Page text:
### Build Design Systems With Penpot Components

Jul 21, 2:15 AM

Penpot's new component system for building scalable design systems, emphasizing designer-developer collaboration.

smashingmagazine.com

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varun.ca

<p>Noise is an indispensable tool for creative coding. We use it to generate all kinds of organic effects like clouds, landscapes and contours. Or to move and distort objects with a more lifelike behaviour.On the surface, noise appears to be simple to use but, there are so many layers to it. This post takes a deep dive into what noise is, its variants, how to use it on the web and its applications. And lot’s of examples. So many examples!What is noise?Imagine you want to move an object around the screen. Animators will use keyframes and tweens to describe the exact motion. Generative artists instead rely on algorithms.So what, something like math.random()?Not exactly. Randomness is just too unnatural. Look at that pink ball, bouncing all over the place. It’s nauseating 🥴What we need is a smoother, more organic randomness. That is what the noise function generates (the yellow ball). Much more aesthetically pleasing!Loading…This idea of organic randomness appears again and again in creative coding. For example, when generating textures, moving objects or distorting them. We often reach for the noise function.Generating noise on the webThere are two flavours of noise—Perlin and Simplex.Ken Perlin developed the first while working on Tron in the early 1980s and won an Oscar 🏆 for those special effects. He then improved on it with Simplex noise and made it a bit faster. I’ll focus on the latter and use the simplex-noise library for my examples.The noise function takes in a couple of inputs (which drive the output) and returns a value between -1 and 1. The output is a mix of Math.sin() and Math.random(). A random wave is how I would describe it.import SimplexNoise from ‘simplex-noise’; </p>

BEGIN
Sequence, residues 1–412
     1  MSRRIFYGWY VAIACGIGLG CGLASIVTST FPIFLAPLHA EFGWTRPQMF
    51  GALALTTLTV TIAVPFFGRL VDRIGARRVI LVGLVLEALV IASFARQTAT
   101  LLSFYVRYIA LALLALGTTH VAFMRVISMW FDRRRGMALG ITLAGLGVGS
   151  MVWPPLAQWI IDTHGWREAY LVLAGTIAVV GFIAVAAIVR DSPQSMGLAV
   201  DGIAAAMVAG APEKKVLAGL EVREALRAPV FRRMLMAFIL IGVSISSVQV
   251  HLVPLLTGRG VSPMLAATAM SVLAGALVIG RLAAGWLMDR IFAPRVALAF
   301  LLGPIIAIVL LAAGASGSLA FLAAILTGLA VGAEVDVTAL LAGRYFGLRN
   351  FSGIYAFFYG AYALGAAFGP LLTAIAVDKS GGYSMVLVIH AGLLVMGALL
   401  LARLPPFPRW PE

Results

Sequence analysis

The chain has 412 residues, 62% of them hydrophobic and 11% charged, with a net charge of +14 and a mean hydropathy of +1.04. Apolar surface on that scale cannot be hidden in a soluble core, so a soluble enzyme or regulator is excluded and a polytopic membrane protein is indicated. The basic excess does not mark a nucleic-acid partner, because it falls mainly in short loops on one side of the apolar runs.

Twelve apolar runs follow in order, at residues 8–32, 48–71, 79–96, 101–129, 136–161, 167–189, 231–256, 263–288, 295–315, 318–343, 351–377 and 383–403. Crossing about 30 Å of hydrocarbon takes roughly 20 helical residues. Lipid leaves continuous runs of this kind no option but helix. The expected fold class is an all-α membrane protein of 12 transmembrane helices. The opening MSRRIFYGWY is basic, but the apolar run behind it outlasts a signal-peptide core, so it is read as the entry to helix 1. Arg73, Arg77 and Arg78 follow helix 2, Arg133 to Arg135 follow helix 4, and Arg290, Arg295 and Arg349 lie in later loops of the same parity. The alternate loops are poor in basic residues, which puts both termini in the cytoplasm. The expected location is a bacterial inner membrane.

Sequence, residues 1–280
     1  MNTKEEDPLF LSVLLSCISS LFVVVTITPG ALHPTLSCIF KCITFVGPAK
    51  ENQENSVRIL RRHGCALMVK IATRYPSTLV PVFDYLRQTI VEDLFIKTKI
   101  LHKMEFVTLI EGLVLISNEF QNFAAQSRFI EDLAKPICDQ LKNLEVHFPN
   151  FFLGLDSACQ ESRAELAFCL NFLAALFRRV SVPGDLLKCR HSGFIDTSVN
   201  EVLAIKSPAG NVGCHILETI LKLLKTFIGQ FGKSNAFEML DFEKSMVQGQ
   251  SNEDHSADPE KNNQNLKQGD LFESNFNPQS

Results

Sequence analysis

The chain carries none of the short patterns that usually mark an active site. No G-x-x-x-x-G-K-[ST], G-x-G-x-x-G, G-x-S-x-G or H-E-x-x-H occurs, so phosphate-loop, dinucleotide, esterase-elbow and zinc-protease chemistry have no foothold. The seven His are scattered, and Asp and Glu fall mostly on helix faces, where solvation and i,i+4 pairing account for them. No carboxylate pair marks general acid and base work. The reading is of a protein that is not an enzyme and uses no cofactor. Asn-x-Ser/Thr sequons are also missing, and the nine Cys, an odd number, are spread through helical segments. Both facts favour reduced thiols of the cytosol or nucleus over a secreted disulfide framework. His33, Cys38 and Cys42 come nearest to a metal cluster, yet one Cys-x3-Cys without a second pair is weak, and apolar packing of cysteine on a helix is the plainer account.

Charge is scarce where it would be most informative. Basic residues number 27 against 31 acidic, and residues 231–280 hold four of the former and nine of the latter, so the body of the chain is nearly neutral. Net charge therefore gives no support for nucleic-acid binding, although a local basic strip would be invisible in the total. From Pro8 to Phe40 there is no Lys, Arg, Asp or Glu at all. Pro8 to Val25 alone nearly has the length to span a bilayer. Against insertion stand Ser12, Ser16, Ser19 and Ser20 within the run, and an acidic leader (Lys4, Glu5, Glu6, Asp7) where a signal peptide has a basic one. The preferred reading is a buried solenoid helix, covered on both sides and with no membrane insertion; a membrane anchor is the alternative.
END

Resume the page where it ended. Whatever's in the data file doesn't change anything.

<p>const simplex = new SimplexNoise();<br />
const y = simplex.noise2D(x * frequency, 0) * amplitude;The underlying mechanics are similar to how waves work. You can control how quickly or how much it oscillates by adjusting frequency and amplitude.Loading…Umm, noise… 2D, what’s happening here?Noise DimensionsThe noise algorithm can be implemented for multiple dimensions. Think of these as the number of inputs into the noise generator—two for 2D, three for 3D and so on.Which dimension you pick depends on what variables you want to drive the generator with. Let’s look at a few examples.💡 Starting here, each example is embedded in a source card. With links to the actual source code and, in some cases, variables you can tweak.Noise 1D — Wave MotionTechnically there is no noise1D. You can get 1D noise by passing in zero as the second argument to simplex.noise2D. Let’s say you want to move a ball with an organic-looking oscillating motion. Increment its x coordinate and use it to generate the y value.x += 0.1;<br />
y = simplex.noise2D(x * frequency, 0) * amplitude;Loading…Noise2D — Terrain GeneratorWe can turn a flat 2D plane into hilly terrain by moving its vertices in the z-direction. Use the x and y coordinates to generate the z location.And just like that, we have a terrain generator 🏔️z = simplex.noise2D(x * frequency, y * frequency) * amplitude;Loading…Noise3D — Vertex DisplacementYou’ve probably seen these distorted spheres in the wild. They are created by displacing the vertices of a sphere. Use the vertex coordinate (x, y, z) to generate the distortion amount. Then displace the vertex by it radially.const distortion =<br />
simplex.noise3D(x * frequency, y * frequency, z * frequency) * amplitude; </p>
<p>newPosition = position.normalize().multiplyScalar(distortion);Loading…Noise4D — Animated DistortionWe can animate the distorted sphere by using 4D noise. The inputs will be the vertex coordinate (x, y, z) and time. This technique is used to create fireballs, amongst other things.const distortion =<br />
simplex.noise4D(<br />
x * frequency,<br />
y * frequency,<br />
z * frequency,<br />
time * frequency<br />
) * amplitude; </p>
<p>newPosition = position.normalize().multiplyScalar(distortion);Loading…Notice our use of amplitude in the above examples. It’s a handy way to scale the noise output to your application. You could also use interpolation to map the noise output to a specified range of your choice.Now that we have the basics down let’s look at a few more applications of noise.TexturesThe noise output for a 2D grid, with (x,y) coordinates, looks something like this: </p>
<p> Generated using:for (let y = 0; y</p>

Noise is an indispensable tool for creative coding. We use it to generate all kinds of organic effects like clouds, landscapes and contours. Or to move and distort objects with a more lifelike behaviour.

On the surface, noise appears to be

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